Myth 2: Dogs wag their tails when they are happy.
Not always. Yes, happy dogs often wag their tails, but dogs also wag their tails when they are agitated or scared. Don’t just assume that because your pooch’s tail is moving back and forth that he’s in a good mood. Pay attention to his overall demeanor. Is he walking up to you excitedly, wanting to interact? Then he’s probably happy. If he is wagging his tail but also has his ears back and seems a bit hesitant or tense, then he’s likely agitated or frightened. Also, pay attention to the position of the tail. If he’s wagging his tail in a high position, he is likely agitated. If his tail remains toward the middle of his body while moving back and forth, he’s most likely in a friendly mood.

Myth 3: It’s okay to use human shampoo on your dog if you’re out of dog shampoo.
Using your own shampoo to wash your dog is a bad idea. The ingredients in human and pet shampoo are different, and using anything but dog shampoo on your pooch could irritate his skin. It can even cause dry skin and dandruff. Dog shampoo is engineered specifically for dogs, so using anything else to wash him can have negative effects.

Myth 4: Leaving your dog alone in your yard is sufficient exercise.
Many pet owners think that if they put their dog in the yard, he will get plenty of exercise because he will run around by himself. Some owners even forgo dog walks in favor of this. But leaving the exercise up to your dog isn’t a good idea. Sure, some dogs will take the initiative to run by themselves, but others won’t. Many dogs are not active if their owners are not present to interact with them. If left alone, even outdoors in a yard, they will often spend the time lounging or sleeping. The only way to make sure that your dog gets enough exercise is to be with him. Make it a point to go on walks with your dog every day so he gets a healthy amount of exercise. If you’re pressed for time, take your canine pal on a jog with you. That way, you are both maximizing your exercise at the same time. But exercise isn’t just limited to walking and jogging. Swimming, playing fetch and any other active games are a great way for your dog to stay in shape.

Myth 5: Small dogs are better for kids than bigger dogs because of their size.
Just because a dog is small doesn’t mean it will get along great with kids. A lot of smaller dogs are temperamental and easily agitated, and will often bark excessively or even bite. If you want a kid-friendly dog, size doesn’t really matter. Instead, pay attention to the dog’s personality and temperament. A lot of medium- to large-sized dogs are great with kids because they are friendly and enjoy playing. And always supervise your kids when they play with the dog, to ensure they are playing safely.

Products for Your Ferret Friend

BeautyFerrets have become quite the popular pet over the last several years. And like any pet, it is important to ensure they have the best to maintain happiness and health. Fortunately, properpet.com offers an excellent product to get started in providing a great living environment for your ferret: the Living World Ferret Starter Kit.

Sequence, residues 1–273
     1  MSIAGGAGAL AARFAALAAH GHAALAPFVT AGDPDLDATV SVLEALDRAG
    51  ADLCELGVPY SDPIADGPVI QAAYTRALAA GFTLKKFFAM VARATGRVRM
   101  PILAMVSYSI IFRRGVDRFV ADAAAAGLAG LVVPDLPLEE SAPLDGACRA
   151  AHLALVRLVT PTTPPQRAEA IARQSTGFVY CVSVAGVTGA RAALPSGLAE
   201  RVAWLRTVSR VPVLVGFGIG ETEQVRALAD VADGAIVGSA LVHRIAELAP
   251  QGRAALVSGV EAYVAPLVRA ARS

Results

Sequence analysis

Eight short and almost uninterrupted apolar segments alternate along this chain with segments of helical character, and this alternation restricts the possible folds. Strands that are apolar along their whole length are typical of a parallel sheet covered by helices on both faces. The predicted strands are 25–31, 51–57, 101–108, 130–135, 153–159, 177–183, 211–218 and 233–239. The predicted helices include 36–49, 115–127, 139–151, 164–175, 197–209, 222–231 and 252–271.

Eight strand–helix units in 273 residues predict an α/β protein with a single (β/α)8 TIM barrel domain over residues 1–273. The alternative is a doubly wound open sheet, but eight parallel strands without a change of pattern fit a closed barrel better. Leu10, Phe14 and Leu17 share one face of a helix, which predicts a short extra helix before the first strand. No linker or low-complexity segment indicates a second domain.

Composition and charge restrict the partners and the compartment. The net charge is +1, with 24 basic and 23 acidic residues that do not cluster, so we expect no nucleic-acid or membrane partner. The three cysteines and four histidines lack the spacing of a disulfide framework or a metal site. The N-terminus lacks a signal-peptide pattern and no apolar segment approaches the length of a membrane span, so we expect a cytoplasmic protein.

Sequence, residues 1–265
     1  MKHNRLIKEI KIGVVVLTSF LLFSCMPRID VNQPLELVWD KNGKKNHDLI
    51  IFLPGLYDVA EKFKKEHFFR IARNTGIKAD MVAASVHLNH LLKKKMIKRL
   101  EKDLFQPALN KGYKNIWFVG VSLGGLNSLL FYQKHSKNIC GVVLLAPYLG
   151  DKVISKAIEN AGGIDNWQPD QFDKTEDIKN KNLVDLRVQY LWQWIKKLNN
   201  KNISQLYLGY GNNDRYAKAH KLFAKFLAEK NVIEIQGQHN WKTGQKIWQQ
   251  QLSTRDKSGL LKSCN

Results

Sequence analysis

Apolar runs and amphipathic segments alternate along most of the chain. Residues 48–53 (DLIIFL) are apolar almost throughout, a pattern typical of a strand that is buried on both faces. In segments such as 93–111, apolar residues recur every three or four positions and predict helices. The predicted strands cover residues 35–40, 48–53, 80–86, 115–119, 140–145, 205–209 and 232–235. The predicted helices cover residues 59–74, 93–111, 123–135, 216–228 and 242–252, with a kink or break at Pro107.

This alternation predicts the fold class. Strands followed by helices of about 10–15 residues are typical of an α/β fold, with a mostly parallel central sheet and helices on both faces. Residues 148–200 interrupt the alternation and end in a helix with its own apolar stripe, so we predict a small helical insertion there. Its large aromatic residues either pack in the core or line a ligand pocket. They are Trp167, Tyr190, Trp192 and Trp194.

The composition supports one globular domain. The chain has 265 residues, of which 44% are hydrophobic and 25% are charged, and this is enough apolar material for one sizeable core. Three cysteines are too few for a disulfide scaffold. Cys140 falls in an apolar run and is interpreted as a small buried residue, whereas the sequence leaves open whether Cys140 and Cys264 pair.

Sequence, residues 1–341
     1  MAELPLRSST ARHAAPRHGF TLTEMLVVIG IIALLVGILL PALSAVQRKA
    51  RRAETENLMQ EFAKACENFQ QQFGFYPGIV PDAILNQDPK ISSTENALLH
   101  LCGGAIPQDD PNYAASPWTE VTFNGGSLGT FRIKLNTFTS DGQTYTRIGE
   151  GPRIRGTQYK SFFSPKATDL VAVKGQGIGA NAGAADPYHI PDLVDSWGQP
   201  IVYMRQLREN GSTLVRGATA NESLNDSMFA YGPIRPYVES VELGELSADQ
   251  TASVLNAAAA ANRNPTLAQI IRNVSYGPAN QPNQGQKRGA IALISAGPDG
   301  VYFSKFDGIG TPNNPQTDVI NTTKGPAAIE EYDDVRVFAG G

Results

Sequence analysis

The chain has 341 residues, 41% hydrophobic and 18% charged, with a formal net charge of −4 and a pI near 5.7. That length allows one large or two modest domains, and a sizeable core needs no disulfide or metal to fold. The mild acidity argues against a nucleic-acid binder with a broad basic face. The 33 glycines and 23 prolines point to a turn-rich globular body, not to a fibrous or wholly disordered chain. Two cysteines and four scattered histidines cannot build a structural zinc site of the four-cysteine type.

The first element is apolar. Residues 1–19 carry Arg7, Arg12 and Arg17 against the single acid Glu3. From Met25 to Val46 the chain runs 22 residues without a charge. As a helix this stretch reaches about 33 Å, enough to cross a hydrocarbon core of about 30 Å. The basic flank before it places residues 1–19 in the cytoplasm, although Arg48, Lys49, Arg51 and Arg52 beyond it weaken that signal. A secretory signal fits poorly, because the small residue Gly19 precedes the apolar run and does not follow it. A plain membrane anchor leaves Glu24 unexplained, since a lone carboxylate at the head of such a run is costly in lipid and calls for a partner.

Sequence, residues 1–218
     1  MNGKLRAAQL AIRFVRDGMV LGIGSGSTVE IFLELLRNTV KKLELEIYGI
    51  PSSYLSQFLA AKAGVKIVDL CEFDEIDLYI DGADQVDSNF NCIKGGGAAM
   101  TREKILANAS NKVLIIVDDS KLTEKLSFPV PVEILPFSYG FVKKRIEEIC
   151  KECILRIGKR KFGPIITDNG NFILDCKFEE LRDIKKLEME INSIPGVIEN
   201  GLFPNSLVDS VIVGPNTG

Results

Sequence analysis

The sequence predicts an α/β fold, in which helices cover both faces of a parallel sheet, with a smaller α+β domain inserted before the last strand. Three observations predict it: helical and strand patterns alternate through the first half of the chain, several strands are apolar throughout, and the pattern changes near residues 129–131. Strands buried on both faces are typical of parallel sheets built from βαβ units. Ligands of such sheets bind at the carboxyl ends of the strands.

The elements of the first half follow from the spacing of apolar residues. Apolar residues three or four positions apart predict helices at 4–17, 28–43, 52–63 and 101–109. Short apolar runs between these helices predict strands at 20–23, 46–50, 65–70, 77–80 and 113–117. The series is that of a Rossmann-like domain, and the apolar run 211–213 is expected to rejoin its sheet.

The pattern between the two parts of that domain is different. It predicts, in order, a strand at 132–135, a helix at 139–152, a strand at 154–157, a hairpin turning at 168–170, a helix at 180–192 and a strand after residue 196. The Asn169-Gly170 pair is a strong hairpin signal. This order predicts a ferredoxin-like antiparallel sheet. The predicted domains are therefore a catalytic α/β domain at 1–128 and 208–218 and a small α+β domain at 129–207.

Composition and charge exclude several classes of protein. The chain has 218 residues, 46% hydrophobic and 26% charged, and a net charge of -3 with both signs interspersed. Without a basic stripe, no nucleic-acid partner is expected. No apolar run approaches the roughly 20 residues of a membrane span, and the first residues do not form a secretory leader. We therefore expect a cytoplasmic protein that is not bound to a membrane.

It includes everything you need to take care of your ferret: a cage, package of food, drinking bottle with leak-proof spout, package of pine shavings, food dish and a rubber toy. Whether you are a newbie to owning a ferret or need to replace some key products, this kit has got you and your ferret covered. Regular and extra-large kit sizes are available. In addition, we offer a range of ferret food to maintain a healthy diet. If your ferret likes to roam the outdoors and you want to include them on your walks, check out the line of ferret leads and harnesses we carry. So find just what your ferret pal needs by browsing our selection.

Protect your Cat from the Heat

Dogs aren’t the only pets you have to worry about becoming overheated during the summer. Your cat can too. Even if you have an indoor cat, the hot weather can take its toll on him. Keeping your kitty in a hot house can cause heat exhaustion or even heat stroke, if he doesn’t have a way to quickly and consistently cool down. But there are several easy, simple things you can do to ensure that he stays cool, hydrated and healthy during the summer.

Keep the air conditioner or a fan on in your house at all times. Some people like to turn off the AC if they are gone for the day to save money. But this can be bad for your cat. If the temperature rises and there’s no cool air circulating around the house, your feline friend can become overheated. So make sure the AC stays on. If you put your cat in a certain room of your house when you are out, run a fan to keep the air circulating.

Make sure your cat stays or is able to get to the coolest part of your home. This is often the basement or an interior room. You will notice that if given the choice, many cats will make their way down to the basement because it tends to be the coldest part of a house. If your home doesn’t have a basement, keep your cat in an interior room with a tile floor. Tile stays much cooler longer than carpet, and most cats enjoy sprawling out on tile floors in the summer.